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Data from: Assortative mating frames establishment in a young island bird population

Cite this dataset

Engler, Jan O.; Sacher, Thomas; Coppack, Timothy; Bairlein, Franz (2019). Data from: Assortative mating frames establishment in a young island bird population [Dataset]. Dryad.


Successful island colonizations are key events to understand range dynamic processes, but studying a young population right after it reaches establishment is a rare opportunity in natural systems. However, the genetic structure of a recently established population may offer unique insights into its colonization history and demographic processes important for a successful colonization. Here, we studied the population genetics of a recently established island population of Eurasian blackbirds (Aves: Turdus merula) located on the island of Heligoland in the German North Sea. Using microsatellites, we genotyped the majority of the island population, including the nestlings, over a four-year period between 2004 and 2007. We also genotyped high numbers of migrants on stopover and mainland individuals, as they are potential founders of the island population. We identified two genetic clusters that comply with the migrating and mainland birds respectively. While most of the island birds belong to the mainland cluster, some breeding individuals and a low fraction of the offspring belong to the genetic cluster found in migrating individuals with almost no admixture between the two, pointing to assortative mating acting on the island population. We did not find any evidence for founder events and detected deviations from Hardy-Weinberg equilibrium that disappeared in cohorts of older age that coincide with a lower number of siblings in older cohorts. The observed genetic patterns unravel a complex colonization history to which migratory and mainland birds have contributed and which is characterized by assortative mating. Further research will be directed towards habitat selection and phenotypic differences as potential drivers of assortative mating in this island population.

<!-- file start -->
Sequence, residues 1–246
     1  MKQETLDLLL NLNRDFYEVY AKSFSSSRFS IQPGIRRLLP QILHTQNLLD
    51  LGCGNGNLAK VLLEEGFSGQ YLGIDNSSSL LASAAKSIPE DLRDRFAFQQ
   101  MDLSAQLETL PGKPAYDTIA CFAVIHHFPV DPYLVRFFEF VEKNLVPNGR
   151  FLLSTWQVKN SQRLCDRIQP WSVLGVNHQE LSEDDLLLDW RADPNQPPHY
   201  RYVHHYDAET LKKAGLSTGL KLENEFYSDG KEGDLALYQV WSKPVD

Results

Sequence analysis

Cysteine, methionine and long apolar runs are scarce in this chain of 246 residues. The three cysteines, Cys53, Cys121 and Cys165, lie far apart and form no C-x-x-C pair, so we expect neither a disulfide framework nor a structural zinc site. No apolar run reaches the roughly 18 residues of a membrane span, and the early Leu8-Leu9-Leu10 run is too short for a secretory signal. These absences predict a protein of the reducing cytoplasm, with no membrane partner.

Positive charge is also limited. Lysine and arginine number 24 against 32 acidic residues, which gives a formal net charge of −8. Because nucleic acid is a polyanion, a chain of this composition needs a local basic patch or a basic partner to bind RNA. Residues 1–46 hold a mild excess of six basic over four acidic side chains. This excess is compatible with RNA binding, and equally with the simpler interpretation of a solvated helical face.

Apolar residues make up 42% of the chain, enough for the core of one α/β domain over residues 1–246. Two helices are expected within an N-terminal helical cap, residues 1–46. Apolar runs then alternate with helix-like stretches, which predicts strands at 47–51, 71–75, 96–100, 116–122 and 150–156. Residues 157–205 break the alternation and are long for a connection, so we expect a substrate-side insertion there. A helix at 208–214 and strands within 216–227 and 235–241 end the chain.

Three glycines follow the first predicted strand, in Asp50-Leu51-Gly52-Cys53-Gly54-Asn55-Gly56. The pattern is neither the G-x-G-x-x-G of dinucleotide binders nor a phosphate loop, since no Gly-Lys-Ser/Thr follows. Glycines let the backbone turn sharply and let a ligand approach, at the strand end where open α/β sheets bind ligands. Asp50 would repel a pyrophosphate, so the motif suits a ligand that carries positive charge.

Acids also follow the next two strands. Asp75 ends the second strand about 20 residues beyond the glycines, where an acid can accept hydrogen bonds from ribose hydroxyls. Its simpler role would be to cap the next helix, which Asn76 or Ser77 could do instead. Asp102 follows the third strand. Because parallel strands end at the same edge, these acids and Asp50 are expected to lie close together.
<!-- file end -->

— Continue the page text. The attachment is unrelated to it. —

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Central Europe
Western Palaearctic